The External H20 Solution T
is well packaged in a box size belying its 500W cooling capacity. Opening the box revealed a neatly packed system with an in-depth manual.
Unpacking the box, Corsair has provided just about everything you need with the exception of distilled water. I prefer Poland Spring Steam Distilled H20 however the choice is yours. Corsair COOL liquid additive for H20-cooling systems is provided and while I've been an advocate of pre-mixed "cooling fluids" for their "non-conductive" properties, at water-cooling temps between 18C to 45C distilled water with propylene glycol type formulas provides the lowest temps. I was impressed Corsair had thoroughly researched their choice of additive, the formula is essentially Propylene Glycol which acts as a surfactant / lubricant helping to prevent dissimilar metal corrosion an reduce laminar surface flow. Unlike Water Wetter which I stopped using over two years ago due to residue build up, what Corsair has left out of their formula are ingredients recently discovered in Water Wetter which have cast a new light on that product.
Perhaps foremost on the mind of the PC-Enthusiast would be; What CPU Water block is Corsair using?
The unit is most likely manufactured by or related to the Swiftech MCW6000
series. Although dropped from Swiftech's product line, purportedly these blocks were and still are manufactured specifically for use in Corsair COOL
water-cooling kits and now the Nautilus 500. Nonetheless the base of this copper block sports one of the best finishes in the market as can be seen in the photo below in which I purposely left the protective plastic in place.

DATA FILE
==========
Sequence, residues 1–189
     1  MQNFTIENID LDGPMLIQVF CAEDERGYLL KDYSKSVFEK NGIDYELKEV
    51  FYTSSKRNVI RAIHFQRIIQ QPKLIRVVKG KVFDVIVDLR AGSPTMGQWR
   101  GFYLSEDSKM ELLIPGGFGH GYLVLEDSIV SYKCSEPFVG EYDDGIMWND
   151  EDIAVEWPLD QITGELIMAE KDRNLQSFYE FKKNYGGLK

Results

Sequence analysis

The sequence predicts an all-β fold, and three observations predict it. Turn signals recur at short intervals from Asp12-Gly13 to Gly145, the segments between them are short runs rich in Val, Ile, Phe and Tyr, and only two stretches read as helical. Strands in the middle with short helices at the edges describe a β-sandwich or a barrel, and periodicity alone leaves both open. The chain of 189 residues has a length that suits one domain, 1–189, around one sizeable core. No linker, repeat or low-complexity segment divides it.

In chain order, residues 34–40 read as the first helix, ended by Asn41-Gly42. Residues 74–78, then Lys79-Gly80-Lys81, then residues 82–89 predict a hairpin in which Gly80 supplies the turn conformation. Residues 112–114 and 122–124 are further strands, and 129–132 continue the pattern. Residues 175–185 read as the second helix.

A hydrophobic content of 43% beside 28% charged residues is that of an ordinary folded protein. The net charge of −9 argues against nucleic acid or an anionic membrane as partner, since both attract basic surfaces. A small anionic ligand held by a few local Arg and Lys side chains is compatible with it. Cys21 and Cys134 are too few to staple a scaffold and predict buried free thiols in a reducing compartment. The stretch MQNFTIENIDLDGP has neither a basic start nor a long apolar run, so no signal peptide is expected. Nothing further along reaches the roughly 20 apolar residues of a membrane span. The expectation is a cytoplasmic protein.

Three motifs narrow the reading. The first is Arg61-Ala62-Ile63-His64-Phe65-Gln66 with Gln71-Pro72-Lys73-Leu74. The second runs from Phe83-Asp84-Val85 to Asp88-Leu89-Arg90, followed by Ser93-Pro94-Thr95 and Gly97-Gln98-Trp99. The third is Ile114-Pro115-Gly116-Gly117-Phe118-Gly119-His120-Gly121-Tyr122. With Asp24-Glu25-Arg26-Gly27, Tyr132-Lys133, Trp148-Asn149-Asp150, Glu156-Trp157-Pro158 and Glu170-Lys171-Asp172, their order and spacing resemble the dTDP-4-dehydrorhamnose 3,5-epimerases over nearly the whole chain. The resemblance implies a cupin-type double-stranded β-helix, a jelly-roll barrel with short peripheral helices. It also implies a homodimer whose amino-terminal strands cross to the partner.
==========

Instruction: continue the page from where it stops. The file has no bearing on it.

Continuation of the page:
With the protective cover removed the block's finish is extraordinary, a benefit of Corsair's high standards which of course have made their memory one of, if not the best DRAM on the market.
Standing on its own the primary heat exchanger including pump, radiator and reservoir is an attractive design. Certainly a space saver it should easily fit on top of any case, or on a desktop, although I would recommend leaving the unit is mounted higher then the CPU itself. The fan is located on the top drawing air from beneath the unit which is raised a few cm to insure the radiator isn't obstructed. The design is so simple as to be a potential award winner.
Viewing the unit from the rear we see the High/Low fan speed switch and Quick Disconnect
nozzles. These nozzles made installation, and especially bleeding so easy it's no wonder the entire industry doesn?t employ them more often? Given the Retail price for the Nautilus one tends to doubt cost is a limiting factor since only two quick releases would be needed if placed strategically. The DC power connector is also located on the rear of the unit attaching to a power cable of ample length. This cable then feeds to a PCI-mount which has inlets to accommodate both tubes and the power-cable. At the end of the cable feeding into the case are male/female molex plugs.
With a top-mounted fan air will be drawn from the bottom, as was evident above four cushioned legs raise the unit up allowing air to flow freely up into the radiator. Turning the unit over we get an idea of the radiator size as well as its aluminum fin pattern.
A look inside Corsair's Nautilus 500 ->